There’s an old saying that goes “If at first you don’t succeed, try, try again.” This captures the essence of perseverance. Even when things get hard – which they almost always do – perseverance pushes you to keep trying. Why is this a valuable trait to cultivate? Here are ten reasons:
#1 You need perseverance to reach your goals
All goals require effort. Sometimes, very little is needed, though most of the time, goals take quite a bit of work. You also need patience. There are very few good things in life that come quickly. Let’s use a dream job as an example. You will need certain qualifications and work experience. Getting there may require additional education, training, and also time. To stay the course, you need perseverance.
#2 Perseverance carries you through failures
Failure is a part of life. There are very few people who coast through unscathed, but even then, they are bound to come across a situation at some point that challenges them. Failing is an awful feeling. It’s natural to want to avoid that, but the only way to avoid failure is to never try anything. When you approach failure with perseverance, it’s easier to see it as a learning experience. Trying again – even when it’s risky – becomes another opportunity for growth.
#3 Perseverance encourages adaptability
Perseverance is based on trying again and again, but it also encourages flexibility. Perseverant people are also innovative people. They think outside the box in pursuit of their goals. They’re willing to admit when an idea isn’t working and they’ll try something new. This adaptability benefits every area of a person’s life and makes them more resilient in an inherently chaotic world.
#4 Perseverance is a learnable skill
Perseverance is not an inbred trait that some people have and others don’t. Life experiences and community have a big impact on how someone moves through the world, but if you want to be more perseverant, it’s a learnable skill. Resilience training is an important part of that. By making a conscious choice to reframe failures, redirect negative thoughts, and regulate tough emotions, you can improve your resiliency. What’s the difference between perseverance and resilience? Perseverance is continuing toward a goal no matter what, while resilience is the ability to bounce back from challenges. You need resilience to persevere.
#5 Students benefit significantly from perseverance
School-aged kids face a lot of challenges. They not only have to navigate complex social interactions, but they’re constantly learning new things and dealing with pressure about their futures. Perseverance helps them build their self-confidence and find healthy ways to deal with failure. Teachers play an essential role in building a student’s ability to persevere. Students should be praised for effort – not just success – and never shamed for failing.
#6 All successful people are perseverant
There is no such thing as an “overnight success.” Famous authors have old unpublished stories and books collecting dust while inventors have half-finished projects in their garages. By the time someone reaches a goal – whatever it may be- it’s more likely than not something they’ve worked toward for quite some time. While not everyone who perseveres will find fame and fortune, those who do have learned to deal with failure and keep trying.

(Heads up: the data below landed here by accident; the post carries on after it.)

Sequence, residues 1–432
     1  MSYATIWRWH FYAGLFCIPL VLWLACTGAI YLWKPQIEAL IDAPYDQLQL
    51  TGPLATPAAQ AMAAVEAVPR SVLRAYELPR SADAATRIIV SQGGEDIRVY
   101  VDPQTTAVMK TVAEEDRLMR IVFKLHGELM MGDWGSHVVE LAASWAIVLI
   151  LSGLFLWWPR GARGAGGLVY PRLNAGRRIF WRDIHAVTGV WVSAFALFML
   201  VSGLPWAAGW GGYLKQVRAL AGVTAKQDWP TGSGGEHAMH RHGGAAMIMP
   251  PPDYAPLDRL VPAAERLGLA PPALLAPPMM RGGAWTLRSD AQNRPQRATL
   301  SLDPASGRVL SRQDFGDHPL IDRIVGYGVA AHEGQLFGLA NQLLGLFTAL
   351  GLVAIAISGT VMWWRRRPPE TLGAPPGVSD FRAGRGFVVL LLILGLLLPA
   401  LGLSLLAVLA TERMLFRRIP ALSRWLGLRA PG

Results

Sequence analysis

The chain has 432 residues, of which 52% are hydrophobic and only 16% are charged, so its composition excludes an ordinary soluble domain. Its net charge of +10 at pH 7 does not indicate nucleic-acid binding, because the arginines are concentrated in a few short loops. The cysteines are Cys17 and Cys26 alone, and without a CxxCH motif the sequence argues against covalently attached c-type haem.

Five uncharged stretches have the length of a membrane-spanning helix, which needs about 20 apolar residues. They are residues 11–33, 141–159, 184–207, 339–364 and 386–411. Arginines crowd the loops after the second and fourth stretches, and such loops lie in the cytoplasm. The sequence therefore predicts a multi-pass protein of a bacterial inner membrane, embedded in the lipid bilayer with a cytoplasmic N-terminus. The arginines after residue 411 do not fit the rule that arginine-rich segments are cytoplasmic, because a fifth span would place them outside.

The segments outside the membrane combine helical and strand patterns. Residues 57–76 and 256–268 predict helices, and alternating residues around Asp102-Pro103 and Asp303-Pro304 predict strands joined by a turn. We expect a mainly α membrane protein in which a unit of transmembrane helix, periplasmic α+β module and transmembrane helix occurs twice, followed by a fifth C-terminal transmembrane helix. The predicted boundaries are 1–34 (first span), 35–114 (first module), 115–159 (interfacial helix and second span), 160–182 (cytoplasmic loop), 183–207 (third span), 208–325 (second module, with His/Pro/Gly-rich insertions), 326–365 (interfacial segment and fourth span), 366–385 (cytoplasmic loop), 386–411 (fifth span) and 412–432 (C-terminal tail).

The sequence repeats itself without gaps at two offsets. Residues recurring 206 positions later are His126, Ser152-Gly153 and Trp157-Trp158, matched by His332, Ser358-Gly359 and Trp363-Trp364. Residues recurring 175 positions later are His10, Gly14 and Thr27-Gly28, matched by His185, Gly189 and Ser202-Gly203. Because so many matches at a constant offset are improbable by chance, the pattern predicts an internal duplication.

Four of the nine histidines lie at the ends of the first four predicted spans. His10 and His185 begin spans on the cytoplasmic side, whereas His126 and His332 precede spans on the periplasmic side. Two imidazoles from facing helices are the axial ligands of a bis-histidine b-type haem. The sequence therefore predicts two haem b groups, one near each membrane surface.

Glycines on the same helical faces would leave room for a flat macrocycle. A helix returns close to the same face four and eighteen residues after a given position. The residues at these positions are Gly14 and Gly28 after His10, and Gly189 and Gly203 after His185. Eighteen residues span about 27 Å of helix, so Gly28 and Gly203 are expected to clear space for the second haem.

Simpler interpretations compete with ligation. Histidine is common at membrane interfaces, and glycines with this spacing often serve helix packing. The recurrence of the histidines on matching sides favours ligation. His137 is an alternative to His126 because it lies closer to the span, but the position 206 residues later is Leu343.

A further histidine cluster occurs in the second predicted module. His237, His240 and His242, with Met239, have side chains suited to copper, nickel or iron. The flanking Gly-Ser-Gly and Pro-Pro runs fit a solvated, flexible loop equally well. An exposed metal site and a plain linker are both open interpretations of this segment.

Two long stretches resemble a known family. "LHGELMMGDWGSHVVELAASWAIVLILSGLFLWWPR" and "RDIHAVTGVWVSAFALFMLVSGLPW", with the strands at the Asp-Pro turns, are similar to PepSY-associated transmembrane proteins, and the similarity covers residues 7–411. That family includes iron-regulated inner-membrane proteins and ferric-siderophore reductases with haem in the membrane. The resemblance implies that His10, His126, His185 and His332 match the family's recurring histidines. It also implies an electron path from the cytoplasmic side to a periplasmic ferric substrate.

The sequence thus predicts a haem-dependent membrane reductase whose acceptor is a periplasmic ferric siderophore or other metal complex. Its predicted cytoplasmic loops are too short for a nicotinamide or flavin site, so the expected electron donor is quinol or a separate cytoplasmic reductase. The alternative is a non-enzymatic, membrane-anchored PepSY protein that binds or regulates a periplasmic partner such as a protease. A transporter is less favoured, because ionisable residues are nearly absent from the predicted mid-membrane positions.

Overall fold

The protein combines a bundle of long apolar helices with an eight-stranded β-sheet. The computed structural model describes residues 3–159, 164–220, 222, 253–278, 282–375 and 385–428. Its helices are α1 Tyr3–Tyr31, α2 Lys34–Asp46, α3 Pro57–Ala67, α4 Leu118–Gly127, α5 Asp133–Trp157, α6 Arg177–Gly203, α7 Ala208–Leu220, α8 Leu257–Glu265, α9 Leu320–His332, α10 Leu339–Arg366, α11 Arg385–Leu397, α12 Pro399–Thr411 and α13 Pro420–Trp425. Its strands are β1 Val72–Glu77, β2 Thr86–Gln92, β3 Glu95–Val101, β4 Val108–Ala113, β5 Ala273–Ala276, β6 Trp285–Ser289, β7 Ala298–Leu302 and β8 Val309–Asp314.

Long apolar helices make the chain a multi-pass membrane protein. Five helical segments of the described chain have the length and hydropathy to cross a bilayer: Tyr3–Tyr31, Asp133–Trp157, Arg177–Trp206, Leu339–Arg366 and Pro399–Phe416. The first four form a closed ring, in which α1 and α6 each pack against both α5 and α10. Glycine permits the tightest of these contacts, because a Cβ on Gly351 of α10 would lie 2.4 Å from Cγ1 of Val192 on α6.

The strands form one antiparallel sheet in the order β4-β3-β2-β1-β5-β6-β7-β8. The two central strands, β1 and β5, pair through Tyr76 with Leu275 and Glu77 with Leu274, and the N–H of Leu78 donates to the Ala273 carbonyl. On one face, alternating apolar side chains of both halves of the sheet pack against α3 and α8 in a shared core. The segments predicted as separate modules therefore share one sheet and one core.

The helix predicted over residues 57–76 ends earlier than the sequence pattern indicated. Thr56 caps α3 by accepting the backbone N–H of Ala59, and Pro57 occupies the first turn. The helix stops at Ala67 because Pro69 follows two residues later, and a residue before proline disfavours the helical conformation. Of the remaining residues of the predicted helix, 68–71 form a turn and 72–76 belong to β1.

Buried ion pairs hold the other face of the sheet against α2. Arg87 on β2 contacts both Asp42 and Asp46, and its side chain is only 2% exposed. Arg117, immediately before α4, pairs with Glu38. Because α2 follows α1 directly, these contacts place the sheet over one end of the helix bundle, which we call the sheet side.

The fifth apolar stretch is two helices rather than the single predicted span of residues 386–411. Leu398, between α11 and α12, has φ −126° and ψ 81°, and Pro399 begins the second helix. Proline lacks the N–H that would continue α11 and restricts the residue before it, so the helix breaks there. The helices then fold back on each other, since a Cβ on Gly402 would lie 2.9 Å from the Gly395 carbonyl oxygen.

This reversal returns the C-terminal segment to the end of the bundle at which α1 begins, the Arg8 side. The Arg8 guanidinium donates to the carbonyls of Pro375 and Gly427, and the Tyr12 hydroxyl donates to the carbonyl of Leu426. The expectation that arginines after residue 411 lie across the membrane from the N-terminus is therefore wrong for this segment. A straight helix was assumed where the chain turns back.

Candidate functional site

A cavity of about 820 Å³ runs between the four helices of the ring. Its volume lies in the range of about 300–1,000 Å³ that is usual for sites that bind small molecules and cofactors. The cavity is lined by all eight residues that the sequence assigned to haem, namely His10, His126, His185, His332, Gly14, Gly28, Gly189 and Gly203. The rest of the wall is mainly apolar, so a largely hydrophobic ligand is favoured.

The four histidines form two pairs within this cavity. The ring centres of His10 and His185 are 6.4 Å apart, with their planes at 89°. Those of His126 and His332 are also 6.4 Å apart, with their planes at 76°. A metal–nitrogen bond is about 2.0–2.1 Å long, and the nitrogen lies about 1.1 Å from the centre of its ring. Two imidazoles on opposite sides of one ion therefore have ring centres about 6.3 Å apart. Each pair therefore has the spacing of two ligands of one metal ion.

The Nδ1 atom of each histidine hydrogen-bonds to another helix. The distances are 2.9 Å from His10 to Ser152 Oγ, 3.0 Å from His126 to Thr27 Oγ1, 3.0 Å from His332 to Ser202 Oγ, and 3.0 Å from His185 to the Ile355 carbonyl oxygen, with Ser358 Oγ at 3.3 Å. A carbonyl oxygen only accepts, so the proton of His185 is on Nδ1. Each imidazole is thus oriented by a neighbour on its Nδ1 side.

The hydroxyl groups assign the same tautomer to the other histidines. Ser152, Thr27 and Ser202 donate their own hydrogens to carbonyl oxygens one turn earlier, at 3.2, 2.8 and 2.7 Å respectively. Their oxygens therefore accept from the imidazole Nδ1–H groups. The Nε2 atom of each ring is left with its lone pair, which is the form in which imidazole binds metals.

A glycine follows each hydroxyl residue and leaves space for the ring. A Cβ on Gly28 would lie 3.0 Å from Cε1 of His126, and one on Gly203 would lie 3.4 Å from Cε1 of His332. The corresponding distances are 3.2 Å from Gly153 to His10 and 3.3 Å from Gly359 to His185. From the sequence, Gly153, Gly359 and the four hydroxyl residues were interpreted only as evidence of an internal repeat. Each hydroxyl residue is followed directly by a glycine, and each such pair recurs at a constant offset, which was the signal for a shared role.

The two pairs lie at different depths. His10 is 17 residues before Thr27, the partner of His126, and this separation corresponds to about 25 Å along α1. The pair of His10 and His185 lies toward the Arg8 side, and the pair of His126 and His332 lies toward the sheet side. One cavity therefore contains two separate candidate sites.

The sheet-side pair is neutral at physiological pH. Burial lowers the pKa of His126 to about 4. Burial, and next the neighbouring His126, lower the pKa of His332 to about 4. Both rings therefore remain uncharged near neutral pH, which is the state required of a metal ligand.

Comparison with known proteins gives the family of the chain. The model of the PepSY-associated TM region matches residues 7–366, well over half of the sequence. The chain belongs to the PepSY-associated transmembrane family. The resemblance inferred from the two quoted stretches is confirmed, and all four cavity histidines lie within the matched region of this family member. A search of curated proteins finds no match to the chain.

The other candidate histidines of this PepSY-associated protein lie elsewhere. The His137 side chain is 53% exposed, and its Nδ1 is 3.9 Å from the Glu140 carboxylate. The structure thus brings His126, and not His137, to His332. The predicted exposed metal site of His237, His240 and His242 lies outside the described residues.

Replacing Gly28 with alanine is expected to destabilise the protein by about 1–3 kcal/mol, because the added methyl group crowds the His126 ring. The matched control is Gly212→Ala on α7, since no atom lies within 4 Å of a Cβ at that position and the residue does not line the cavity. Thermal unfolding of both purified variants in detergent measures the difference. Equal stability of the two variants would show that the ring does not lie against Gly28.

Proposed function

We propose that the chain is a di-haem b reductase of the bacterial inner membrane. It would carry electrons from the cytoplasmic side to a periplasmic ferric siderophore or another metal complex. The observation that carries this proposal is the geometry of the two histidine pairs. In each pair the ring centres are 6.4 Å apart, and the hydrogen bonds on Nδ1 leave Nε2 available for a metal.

#7 Perseverance helps you meet exercise goals
Exercise is one of the best things a person can do for their health. Whether it’s brisk walking, running, lifting weights, or yoga, working out benefits our entire bodies. It reduces the risk for serious illnesses like heart disease, diabetes, and more. Most of us could work out more often, but it can be challenging to make time for it and to meet our goals. That’s where perseverance comes in. By recognizing that fitness goals take work and that we’ll face failure, we’re better equipped to keep going when things get tough.
#8 Perseverance can improve your relationships
Relationships – whether they’re romantic, platonic, or familial – are essential to a fulfilled life. Research consistently shows that having a strong community benefits a person’s mental and physical health. You’re more likely to live longer if you have close relationships. Maintaining close relationships can take work. There are conflicts and struggles. Perseverance helps people work out their problems, communicate better, and decide which relationships are worth saving.
#9 Perseverance is linked to better mental health
In 2019, researchers published a study in the Journal of Abnormal Psychology that examined over 3,000 adults. These participants had been studied for around two decades. Results showed that people who displayed more perseverance (they didn’t give up on achieving their goals and saw challenges in a positive light) were at a lower risk of depression and anxiety. This information suggests that by focusing on perseverance and resilience, a person could improve their mental health and general outlook on life.
#10 Perseverance has a downside
We’ve explored all the good things about perseverance, but it’s important to know its dark side. Continuing to try and try again isn’t always the best decision because, at some point, the cost outweighs the potential benefit. Consider a romantic relationship. One person is doing all the emotional labor while their partner sits back. The person who is trying doesn’t want to give up because they hope that one day, their partner will “wake up” and it will all be worth it. The longer they stay, the harder it is to leave. In this situation, perseverance has trapped a person. While not giving up is a valuable trait, each situation needs to be examined closely. You need to ask yourself, “Do I even want the thing I’m working for? Is it something that’s truly achievable? Or do I need to let it go?”